An Upper House MP is set to make a complaint to Tasmania’s police commissioner alleging evidence of foxes in the state has been fabricated.
Ivan Dean is claiming fox carcasses and other physical evidence was planted, and tens-of-millions of dollars was wasted on the fox eradication program.
“It’s up to somebody to take this matter forward … I’m now going to take the matter to the police department and to the commissioner Darren Hine,” Mr Dean said.
The former Labor government spent about $ 50 million of state and federal funds on a taskforce to eradicate foxes in Tasmania.
Mr Dean has alleged the evidence relied upon to continue that taskforce was faked.
“If you look at every piece of physical evidence that’s been produced over the last fourteen years you will find it all falls apart, it’s all questionable,” he said.
“I will be referring to all of the carcasses that have been produced … the skull will be referenced as well, the scats are also very critical to this whole thing as well.”
Two recent independent scientific reports utilising government data found it was likely evidence of fox scats and carcasses could have been planted.
I will be referring to all of the carcasses that have been produced…the skull with be reference as well, the scats are also very critical to this whole thing.
MLA Ivan Dean
A skull, fox DNA blood, and four fox carcasses found between 2001 and 2006 were included as evidence of foxes in the state.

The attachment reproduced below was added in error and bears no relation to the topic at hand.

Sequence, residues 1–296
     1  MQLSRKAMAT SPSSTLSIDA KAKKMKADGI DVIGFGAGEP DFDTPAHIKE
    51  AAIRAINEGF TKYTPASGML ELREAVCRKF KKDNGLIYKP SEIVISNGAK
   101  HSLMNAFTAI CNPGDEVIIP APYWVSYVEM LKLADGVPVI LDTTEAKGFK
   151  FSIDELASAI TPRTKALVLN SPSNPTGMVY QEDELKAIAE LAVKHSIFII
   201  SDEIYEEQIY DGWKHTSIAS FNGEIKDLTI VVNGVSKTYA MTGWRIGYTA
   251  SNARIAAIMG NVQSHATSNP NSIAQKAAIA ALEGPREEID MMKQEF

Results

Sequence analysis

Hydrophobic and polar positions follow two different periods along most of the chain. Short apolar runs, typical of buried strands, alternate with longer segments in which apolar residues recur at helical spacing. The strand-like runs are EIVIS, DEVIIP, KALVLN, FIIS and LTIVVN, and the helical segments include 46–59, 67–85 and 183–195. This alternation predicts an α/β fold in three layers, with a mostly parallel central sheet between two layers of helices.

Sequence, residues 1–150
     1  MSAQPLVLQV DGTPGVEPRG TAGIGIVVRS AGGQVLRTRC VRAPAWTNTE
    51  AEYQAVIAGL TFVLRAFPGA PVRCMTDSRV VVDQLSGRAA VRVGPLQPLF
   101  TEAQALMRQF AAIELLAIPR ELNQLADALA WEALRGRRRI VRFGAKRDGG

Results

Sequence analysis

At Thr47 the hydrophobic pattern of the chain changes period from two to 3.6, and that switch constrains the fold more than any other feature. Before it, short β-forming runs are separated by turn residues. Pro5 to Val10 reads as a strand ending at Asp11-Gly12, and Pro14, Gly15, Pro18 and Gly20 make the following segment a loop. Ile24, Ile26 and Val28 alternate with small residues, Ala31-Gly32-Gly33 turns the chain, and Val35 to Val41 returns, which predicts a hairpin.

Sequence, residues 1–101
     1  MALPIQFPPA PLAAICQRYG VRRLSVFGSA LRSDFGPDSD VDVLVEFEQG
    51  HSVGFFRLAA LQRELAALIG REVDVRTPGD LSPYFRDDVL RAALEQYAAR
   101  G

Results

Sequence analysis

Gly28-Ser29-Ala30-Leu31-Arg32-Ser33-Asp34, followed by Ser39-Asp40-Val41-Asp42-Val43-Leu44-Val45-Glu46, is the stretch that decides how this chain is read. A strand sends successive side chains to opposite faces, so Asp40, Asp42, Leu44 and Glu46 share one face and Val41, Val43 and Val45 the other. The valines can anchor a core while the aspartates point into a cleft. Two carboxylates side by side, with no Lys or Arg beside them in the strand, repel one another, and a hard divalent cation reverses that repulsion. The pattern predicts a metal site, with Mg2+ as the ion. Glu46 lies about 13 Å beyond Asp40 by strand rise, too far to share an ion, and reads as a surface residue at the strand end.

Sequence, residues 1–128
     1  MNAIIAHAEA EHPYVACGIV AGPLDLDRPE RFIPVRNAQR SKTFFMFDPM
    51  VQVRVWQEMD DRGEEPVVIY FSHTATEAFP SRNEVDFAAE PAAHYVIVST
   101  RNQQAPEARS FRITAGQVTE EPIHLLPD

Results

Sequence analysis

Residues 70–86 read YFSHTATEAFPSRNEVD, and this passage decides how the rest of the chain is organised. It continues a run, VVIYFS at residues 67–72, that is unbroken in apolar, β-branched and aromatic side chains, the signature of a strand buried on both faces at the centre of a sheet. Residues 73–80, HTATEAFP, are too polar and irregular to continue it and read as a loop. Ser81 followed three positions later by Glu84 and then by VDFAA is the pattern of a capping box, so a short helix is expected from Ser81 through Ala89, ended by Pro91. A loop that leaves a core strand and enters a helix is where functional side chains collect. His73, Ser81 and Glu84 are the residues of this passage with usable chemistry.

Veterinary pathologist David Obendorf is one of a group of independent scientists who has written reports and published journal articles disputing the veracity of fox evidence, including scats and all four carcasses.
“Our reports have contested the credibility of the evidence of those carcasses being from Tasmania, actually animals that lived in Tasmania and died in Tasmania,” he said.
An example of an alleged discrepancy was found after Mr Obendorf reviewed pathology reports and the histology for a fox found in 2006.
“The claim was that this was a freshly dead fox that had been killed at 9:30 on the morning of August 1 but once I had seen the slides that were cut from this animal … I could see the body had putrefied, it decomposed so rapidly with the invasion of bacteria,” he said.
“The animal was breaking down and this breakdown process could not have occurred in the period of time between when they claim the animal was found and when they did the autopsy.”
Mr Dean has seized on the reports to back up his complaint.
“The position I have is if there is corruption, unlawful behaviour, we’ve got to bring that out … It’s got to be investigated in my opinion, to bring it to an end,” he said.
But he has not speculated on what laws may have been broken.
“In the report that I will be submitting to the Commissioner of Police, I will providing names of persons that I have, that have been connected with, certain pieces of evidence that have been produced,” he said.
Both major political parties have been criticised for not investigating the claims.
The Primary Industries Minister Jeremy Rockliff said his Government had “abolished Labor’s fox program, which spent millions chasing just one species”.
“Scientific opinion is for the scientific community to debate,” Mr Rockliff said.
“Individuals are free to make complaints to police or the Integrity Commission if they so wish,” he said.
The Labor Opposition has been contacted for comment.
Topics: law-crime-and-justice, pests, pest-management, tas